Asda’s woes continue amid latest sales results
18 August 2016
Asda has published its latest quarterly results, showing a 7.5% drop in sales – the company’s worst-ever quarterly performance. CEO of Asda’s parent company Doug McMillon cited the latest slump as down to deflation and “the competitive environment.
“Our strategy to turn things around is focused on improving the retail basics,” said McMillon. “While our turnaround will take time, I’m confident the new leadership team at Asda will want to assure customers we’re addressing this with urgency.”
Asda’s CEO Sean Clarke took the post earlier this year when former chief executive Andy Clarke stepped down. Prior to this, Clarke in January enacted a price-cutting campaign worth £1.5bn that would be active until 2018; the same month, the company announced plans to shed hundreds of jobs at its headquarters in Leeds.
Analysing Asda’s woe, Davod Cheetham of XTB.com cited the “twin threats of deflation and increased competition” as part of Asda’s problem.
“Traditional supermarkets have struggled over the past couple of years as new entrants such as Aldi and Lidl have eaten into their market share,” said Cheetham. “A back-to-basics approach involving the streamlining of the business has been chosen as the path back to former glories.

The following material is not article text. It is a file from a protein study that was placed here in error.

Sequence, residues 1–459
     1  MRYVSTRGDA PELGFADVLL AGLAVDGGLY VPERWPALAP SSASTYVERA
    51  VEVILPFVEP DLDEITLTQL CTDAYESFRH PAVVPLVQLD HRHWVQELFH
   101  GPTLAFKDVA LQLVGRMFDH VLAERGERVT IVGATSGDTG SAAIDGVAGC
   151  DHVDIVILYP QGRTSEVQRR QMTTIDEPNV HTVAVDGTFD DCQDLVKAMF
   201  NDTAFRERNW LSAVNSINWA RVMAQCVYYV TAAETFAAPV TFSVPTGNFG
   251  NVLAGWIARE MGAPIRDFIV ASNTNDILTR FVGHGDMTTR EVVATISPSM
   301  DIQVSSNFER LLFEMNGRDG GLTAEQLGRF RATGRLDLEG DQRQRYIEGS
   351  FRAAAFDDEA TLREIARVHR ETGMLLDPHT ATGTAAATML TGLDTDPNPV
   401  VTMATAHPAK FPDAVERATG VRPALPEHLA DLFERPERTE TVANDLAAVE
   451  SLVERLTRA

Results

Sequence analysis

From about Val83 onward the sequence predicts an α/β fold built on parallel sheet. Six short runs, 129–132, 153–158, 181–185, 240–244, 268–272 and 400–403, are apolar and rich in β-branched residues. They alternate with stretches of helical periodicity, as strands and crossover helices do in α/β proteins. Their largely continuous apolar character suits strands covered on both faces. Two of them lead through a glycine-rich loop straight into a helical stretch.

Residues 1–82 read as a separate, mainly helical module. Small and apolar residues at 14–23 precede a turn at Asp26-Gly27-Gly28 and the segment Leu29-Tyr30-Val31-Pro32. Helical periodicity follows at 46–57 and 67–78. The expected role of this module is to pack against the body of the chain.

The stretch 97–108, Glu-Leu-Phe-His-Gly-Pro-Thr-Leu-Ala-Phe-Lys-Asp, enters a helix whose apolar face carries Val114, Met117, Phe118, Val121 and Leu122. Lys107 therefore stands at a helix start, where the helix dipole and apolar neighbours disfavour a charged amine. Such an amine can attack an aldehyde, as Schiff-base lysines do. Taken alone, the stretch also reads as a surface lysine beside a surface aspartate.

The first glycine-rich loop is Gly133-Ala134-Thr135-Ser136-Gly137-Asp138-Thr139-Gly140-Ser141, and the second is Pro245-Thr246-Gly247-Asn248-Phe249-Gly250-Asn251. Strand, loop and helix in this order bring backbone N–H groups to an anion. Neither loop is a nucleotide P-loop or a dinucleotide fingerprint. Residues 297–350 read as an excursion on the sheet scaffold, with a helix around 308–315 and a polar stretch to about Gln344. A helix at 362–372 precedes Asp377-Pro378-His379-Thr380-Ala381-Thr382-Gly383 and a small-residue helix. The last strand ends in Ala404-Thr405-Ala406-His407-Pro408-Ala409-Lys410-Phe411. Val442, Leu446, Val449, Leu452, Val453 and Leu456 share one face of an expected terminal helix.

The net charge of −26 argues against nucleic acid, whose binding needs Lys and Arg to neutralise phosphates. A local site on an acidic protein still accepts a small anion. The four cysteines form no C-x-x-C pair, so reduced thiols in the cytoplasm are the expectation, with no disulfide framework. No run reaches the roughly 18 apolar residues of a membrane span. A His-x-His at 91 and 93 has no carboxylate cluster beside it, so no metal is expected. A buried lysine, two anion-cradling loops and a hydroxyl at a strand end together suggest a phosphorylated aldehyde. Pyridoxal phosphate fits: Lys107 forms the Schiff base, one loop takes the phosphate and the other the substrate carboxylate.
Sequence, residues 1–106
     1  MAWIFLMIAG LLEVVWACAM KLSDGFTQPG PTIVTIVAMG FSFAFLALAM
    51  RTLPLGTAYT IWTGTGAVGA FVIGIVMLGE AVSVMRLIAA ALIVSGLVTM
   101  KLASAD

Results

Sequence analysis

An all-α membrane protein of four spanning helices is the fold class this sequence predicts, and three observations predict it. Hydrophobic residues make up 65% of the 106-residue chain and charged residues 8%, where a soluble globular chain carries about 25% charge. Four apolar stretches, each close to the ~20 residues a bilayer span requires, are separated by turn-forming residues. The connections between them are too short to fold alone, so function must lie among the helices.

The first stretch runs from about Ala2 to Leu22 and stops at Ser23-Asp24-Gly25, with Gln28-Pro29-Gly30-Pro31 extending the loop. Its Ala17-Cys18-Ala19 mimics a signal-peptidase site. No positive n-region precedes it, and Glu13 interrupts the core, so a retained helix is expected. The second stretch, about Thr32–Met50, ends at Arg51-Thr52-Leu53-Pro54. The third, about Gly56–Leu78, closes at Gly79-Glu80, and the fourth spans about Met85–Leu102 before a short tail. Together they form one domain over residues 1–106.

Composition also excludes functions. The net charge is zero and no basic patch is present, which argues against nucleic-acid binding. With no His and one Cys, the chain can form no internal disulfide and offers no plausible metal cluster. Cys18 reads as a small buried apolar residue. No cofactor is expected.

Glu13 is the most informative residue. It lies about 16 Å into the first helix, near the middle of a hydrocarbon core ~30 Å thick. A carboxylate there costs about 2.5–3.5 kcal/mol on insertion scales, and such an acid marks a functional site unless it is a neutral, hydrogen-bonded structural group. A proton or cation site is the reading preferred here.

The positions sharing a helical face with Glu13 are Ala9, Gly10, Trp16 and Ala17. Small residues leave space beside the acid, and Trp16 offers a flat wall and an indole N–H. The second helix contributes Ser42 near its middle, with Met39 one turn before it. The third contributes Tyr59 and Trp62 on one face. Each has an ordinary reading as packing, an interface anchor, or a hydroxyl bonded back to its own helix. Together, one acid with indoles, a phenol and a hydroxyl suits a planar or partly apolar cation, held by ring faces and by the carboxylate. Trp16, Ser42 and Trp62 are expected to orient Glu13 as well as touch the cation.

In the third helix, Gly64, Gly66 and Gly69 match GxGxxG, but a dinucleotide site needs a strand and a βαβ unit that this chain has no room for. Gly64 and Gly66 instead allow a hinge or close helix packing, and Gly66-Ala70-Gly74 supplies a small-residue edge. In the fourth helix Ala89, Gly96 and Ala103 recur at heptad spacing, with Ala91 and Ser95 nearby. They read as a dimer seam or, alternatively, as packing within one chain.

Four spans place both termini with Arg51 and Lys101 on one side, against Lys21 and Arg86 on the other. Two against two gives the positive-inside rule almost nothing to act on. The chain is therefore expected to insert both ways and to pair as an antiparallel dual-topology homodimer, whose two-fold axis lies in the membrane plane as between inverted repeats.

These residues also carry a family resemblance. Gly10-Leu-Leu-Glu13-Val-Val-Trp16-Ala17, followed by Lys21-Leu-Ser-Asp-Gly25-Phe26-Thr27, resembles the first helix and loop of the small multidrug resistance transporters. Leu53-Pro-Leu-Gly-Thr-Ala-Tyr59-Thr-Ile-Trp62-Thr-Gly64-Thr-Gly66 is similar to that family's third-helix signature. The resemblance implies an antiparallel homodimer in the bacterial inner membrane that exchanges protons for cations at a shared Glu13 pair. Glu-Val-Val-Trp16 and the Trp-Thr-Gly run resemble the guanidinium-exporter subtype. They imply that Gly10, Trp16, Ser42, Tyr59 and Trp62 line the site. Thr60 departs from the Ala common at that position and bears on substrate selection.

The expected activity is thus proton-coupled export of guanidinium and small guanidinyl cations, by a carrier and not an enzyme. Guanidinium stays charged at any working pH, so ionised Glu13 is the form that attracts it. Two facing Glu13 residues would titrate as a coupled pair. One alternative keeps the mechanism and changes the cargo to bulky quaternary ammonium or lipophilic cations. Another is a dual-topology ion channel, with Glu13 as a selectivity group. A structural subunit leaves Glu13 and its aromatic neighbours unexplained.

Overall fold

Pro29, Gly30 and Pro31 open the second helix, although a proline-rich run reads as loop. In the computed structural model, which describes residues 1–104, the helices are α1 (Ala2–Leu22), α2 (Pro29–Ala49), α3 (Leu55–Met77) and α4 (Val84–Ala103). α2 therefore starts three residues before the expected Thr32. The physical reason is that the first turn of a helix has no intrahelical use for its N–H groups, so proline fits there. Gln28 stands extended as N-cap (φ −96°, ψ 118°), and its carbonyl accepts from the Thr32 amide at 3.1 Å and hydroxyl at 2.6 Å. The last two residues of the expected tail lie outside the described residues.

“After the replacement of CEO Andy Clarke,” he said, “it appears more may be required to alter the firm’s current trajectory and win customers back.”
Meanwhile, Alastair Lockheart, insight director at Savvy, explored the issues now facing Sean Clarke following the latest disappointing figures.
“Mr. Clarke has many issues to consider,” Lockheart said, “from what to do with excess space to improving quality perceptions, but top of the agenda has to be re-establishing a clear pricing and value strategy.
“Over the past few years, discounters have have caused Asda’s price halo to slip. Granted, efforts have been made to cut prices, but it will be very difficult for the retailer to compete head-to-head on prices.
“Instead, Asda will need to pull on the quality lever, giving consumers clear reasons to pay that little bit more. But when you have 40,000 SKUs and vast stores to fill, tangible quality improvements cannot be made on the cheap.”